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Five picks for October

Cindy Burnett
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WHAT TO READ This month's picks include a fabulous thriller, two historical-fiction titles, a near-future cautionary tale, and a Puerto Rican tale with a dose of magical realism. (Photo: Cindy Burnett)

Buzz Reads is a column about books by reviewer Cindy Burnett. Each month, Cindy recommends five recently or soon-to-be released titles.

Killers of a Certain Age by Deanna Raybourn (mystery/thriller) – This delightful and thought-provoking mystery stars four women, Billie, Mary Alice, Helen, and Natalie, who have been employed by the Museum, an elite network of assassins, for four decades. When the Museum sends them on a fabulous vacation to celebrate their retirement, the women quickly determine that their trip is a ruse because they are being targeted by someone within the Museum due to the work they have done for the organization over the years. Times have changed and their skill sets are no longer valued by the Museum, but the friends are determined to upend the view that women of a certain age are expendable. Through experience and working together, they prove that their age and gender are positives versus negatives. Combining humor, reflections on what it means to age, and a clever mystery, Killers of a Certain Age kept me engaged from page one; it is a must read for mystery lovers.

The Matchmaker’s Gift by Lynda Cohen Loigman (historical fiction) – Written in a dual timeline format, The Matchmaker’s Gift follows Sara Glikman, a Jewish matchmaker ahead of her time in the early 20th century who begins her matchmaking when she is 10 and finds her sister a husband. When she dies, she leaves her journals to her granddaughter Abby who is a lonely divorce attorney. Abby is distrustful of true love because her parents fought often and eventually went through a bitter divorce. But as she continues to delve into her grandmother’s journals, she realizes that she may be following the wrong path and that she needs to make some changes. This delightful, feel-good book drew me right in, and I did not want it to end. I highly recommend it.

Miss Del Rio by Barbara Mujica (historical fiction) – Miss Del Rio chronicles the life of famed Hollywood star Dolores del Rio whose life spanned a number of pivotal moments in history including the Mexican Revolution, the Jazz Age, Golden-Age Hollywood, and World War II. Relayed through Mara, Dolores’ fictional hairdresser and close friend, the novel follows Dolores through a meteoric film career in Hollywood, despite intense racism directed her way, and an intense personal life which included numerous lovers and husbands, all amid the backdrop of wealth and privilege. When the war intensifies nativism in the United States and non-white stars are ostracized, Dolores finds she must return to Mexico to continue her career. Hollywood fans will enjoy the presence of other screen royalty including Marlene Dietrich and Orson Welles. I read this book in a day and found it absolutely fascinating – I loved learning more about Mexican history, Golden Age Hollywood, and what it was like as actors tried to switch from silent films to “talkies,” and the Mexican film industry in the 1940s.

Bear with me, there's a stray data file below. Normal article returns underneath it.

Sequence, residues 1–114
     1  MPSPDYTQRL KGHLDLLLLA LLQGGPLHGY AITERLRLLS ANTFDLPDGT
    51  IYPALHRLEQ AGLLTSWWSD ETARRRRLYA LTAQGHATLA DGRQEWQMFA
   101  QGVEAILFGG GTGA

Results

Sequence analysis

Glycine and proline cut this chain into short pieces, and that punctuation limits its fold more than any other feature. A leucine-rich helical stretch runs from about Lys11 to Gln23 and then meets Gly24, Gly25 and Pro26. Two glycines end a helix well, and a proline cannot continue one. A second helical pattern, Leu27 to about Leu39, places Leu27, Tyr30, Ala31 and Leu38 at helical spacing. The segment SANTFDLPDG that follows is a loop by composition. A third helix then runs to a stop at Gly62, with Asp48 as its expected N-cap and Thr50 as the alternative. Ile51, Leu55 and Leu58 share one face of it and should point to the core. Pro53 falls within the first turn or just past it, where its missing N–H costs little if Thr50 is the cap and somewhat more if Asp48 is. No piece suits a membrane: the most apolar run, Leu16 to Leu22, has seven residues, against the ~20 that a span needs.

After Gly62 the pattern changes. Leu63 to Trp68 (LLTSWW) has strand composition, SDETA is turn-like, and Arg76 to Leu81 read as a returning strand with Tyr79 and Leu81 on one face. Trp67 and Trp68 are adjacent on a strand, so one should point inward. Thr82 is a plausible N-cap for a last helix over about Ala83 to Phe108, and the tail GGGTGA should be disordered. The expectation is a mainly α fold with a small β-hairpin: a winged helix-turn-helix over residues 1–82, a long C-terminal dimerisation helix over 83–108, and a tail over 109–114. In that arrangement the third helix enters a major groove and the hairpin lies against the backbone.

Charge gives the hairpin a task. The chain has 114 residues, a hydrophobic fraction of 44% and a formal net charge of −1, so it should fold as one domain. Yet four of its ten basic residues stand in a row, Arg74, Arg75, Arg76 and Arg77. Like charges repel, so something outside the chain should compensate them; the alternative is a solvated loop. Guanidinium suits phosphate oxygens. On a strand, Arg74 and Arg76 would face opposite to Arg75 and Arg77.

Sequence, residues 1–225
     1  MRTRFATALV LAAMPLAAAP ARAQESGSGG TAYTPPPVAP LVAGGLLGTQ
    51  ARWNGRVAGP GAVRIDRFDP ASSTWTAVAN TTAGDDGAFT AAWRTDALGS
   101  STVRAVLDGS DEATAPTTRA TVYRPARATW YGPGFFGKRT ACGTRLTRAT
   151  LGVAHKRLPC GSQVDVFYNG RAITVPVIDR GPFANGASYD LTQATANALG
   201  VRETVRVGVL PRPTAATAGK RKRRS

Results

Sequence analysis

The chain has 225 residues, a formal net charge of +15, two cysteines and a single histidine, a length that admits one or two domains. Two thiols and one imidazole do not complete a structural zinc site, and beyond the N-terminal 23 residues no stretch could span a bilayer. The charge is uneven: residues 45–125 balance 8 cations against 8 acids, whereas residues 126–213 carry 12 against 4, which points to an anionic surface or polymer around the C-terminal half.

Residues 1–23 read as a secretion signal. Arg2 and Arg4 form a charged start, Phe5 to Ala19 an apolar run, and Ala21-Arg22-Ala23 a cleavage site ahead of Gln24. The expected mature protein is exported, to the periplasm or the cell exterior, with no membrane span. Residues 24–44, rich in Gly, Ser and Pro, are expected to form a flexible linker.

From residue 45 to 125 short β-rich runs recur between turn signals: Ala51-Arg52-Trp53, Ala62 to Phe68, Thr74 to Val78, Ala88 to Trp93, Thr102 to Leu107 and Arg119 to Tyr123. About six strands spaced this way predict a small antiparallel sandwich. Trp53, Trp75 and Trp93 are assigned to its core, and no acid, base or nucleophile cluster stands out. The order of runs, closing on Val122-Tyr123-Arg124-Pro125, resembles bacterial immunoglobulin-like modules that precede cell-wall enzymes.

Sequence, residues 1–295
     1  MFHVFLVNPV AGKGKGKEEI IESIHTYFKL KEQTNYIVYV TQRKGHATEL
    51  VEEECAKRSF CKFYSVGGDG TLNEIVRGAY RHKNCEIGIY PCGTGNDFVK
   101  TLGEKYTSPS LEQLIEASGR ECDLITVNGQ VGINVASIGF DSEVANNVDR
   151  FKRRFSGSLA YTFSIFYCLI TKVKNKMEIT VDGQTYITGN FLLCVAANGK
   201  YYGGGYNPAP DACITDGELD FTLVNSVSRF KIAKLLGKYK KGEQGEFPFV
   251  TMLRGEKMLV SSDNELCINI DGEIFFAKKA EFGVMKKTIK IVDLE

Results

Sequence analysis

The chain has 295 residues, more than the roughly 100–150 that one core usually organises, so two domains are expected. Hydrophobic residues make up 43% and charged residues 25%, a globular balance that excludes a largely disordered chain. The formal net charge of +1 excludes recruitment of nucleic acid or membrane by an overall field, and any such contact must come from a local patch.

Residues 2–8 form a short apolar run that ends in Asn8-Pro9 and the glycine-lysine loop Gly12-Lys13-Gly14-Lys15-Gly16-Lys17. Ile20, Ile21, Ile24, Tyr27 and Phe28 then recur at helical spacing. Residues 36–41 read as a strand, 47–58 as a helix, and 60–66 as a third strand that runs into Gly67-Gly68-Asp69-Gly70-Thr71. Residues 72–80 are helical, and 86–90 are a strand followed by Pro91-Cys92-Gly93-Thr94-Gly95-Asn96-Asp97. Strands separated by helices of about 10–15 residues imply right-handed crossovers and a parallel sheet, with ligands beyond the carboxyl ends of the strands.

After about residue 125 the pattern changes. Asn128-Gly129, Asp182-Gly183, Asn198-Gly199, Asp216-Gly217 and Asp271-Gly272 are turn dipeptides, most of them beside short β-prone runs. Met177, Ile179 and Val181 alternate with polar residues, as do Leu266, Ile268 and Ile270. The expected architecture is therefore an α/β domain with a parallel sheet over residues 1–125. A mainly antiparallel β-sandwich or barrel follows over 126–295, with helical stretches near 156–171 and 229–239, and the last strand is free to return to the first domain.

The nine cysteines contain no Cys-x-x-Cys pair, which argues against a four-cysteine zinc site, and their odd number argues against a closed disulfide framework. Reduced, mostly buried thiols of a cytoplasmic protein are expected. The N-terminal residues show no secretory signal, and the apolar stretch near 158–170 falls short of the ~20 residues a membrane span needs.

Our Missing Hearts by Celeste Ng (fiction/dystopian) – In a near future world, 12-year-old Bird Gardner lives in an apartment on the Harvard University campus with his father, a former linguist who now shelves books at the university’s library. For over 10 years, the United States has been ruled by laws created to maintain an “American” way of life in light of years of violence and economic upheaval. Those who oppose these laws have their children removed from them and their livelihoods taken away. Moreover, libraries have removed books deemed “unpatriotic” including a book of poems written by Bird’s mother, Margaret, that are linked to a growing resistance movement. While she left when he was nine and Bird has learned to disavow her, when he receives a special drawing he believes is from her, he sets out on a long journey to find her. This heartbreaking and ultimately hopeful book shines a light on injustice and racism and demonstrates how art and quiet resistance can bring about change. This stunning story touched my heart, and I will not soon forget it.

The Storyteller’s Death by Ann Davila Cardinal (fiction) – The Storyteller's Death is set in Puerto Rico and follows Isla Larsen Sanchez as she comes to terms with a strange family gift she inherits after her grandmother, a great storyteller, dies. This gift makes her family’s stories come to life and play out in front of her over and over again until she resolves the issue at the heart of each story. But when an old murder mystery surfaces in her visions, she has to race to solve the murder before the visons take her life. This book is so compelling, unique, and lyrically written, and everything about it was fabulous – the characters, the vivid setting, and the creative storyline. I felt like I visited Puerto Rico and experienced life there in the 1970s and 1980s and was sad when it was over.

Editor’s note: Southside Place resident Cindy Burnett also writes our weekly Page Turners column. She hosts the Thoughts from a Page Podcast, is co-creator of the Houston literary event series Conversations from the Page, runs the Instagram account @thoughtsfromapage, and regularly speaks to groups about books.

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